The Playhouse, Edinburgh
The rain pouring outside the Playhouse is a telling pointer of the night’s entertainment inside, where former X-Factor crooner Ray Quinn slips into Cliff Richard’s pastel-coloured slacks in this latest tour of the stage musical based on the 1963 film. Quinn is Don, the London bus grease monkey who manages to sweet-talk the management of a pre-privatised service into letting him and his merry prankster mates co-opt a bright red double-decker as a mobile holiday home for their European road trip. Along the way they pick up a girl band and runaway pop star Barbara, whose pushy mother has already jaded her to success.
Racky Plews’ production of Michael Gyngell and Mark Haddigan’s script adapted from Ronald Cass and Peter Myers’ original screenplay shows off more of a saccharine sixties than a swinging one. Like the film, it depicts an innocent world where teeny-bop pop and light entertainment soundtrack a magical mystery tour around a picture postcard version of foreign parts young people were desperate to discover for themselves.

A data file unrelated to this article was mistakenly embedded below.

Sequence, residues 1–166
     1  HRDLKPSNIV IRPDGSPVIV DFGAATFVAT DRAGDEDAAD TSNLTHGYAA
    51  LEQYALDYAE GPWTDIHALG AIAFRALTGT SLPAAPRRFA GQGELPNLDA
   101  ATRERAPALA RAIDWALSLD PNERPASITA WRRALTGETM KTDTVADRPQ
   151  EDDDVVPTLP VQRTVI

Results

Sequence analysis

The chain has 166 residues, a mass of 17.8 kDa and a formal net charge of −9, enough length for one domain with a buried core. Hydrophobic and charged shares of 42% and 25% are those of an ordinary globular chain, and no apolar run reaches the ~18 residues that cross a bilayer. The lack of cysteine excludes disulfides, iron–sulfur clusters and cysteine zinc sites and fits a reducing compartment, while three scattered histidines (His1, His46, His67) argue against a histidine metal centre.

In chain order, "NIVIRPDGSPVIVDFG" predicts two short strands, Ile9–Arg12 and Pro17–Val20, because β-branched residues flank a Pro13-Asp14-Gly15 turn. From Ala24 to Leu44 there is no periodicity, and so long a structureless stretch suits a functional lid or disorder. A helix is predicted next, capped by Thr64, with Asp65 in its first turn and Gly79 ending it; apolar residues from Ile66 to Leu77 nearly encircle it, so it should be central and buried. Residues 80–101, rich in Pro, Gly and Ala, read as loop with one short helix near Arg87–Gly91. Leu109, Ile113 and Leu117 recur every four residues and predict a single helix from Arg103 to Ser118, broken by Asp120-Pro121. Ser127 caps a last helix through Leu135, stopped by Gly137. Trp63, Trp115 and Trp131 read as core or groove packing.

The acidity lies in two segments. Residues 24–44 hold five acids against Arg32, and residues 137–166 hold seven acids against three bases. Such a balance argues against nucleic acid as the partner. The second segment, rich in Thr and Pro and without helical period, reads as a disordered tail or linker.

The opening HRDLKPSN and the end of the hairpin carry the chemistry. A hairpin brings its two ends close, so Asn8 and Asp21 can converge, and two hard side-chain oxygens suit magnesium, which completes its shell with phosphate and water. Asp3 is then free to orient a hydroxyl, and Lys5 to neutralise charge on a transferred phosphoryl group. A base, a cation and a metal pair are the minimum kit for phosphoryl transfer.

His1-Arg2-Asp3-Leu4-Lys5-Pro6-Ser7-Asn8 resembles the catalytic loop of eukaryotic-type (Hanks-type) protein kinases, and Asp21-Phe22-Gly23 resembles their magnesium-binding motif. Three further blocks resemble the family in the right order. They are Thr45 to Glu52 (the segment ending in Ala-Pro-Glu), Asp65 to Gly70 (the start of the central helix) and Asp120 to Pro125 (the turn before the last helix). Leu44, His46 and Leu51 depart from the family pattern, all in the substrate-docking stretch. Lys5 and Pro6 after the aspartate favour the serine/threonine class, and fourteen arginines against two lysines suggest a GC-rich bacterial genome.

In this sense the end result is an infectiously endearing mix of innocence and experience, with Quinn and Sophie Matthew as Barbara leading a series of wide-eyed routines that even nudging attempts to sex thing up can’t spoil. The one sad loss is the airbrushing out of The Great Orlando, Ron Moody’s virtuoso mime artist in the film.
In the end, however, the show’s nostalgic appeal wins out. For the finale, while everyone else is giving it teeth and smiles, big-suited former Opportunity Knocks winner Bobby Crush stands at a portable piano looking for all the world like a cross between Jerry Lee Lewis and Jools Holland. This alone is worth the bus ticket for a vintage slice of British showbiz fun.
The Herald, June 21st 2018